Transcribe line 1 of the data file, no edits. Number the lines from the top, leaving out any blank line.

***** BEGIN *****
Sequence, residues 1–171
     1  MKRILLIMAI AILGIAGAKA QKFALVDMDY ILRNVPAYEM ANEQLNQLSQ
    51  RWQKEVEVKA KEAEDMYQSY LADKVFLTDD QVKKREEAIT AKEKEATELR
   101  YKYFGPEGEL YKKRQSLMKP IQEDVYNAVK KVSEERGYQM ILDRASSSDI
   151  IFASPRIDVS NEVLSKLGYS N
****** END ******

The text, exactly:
Sequence, residues 1–171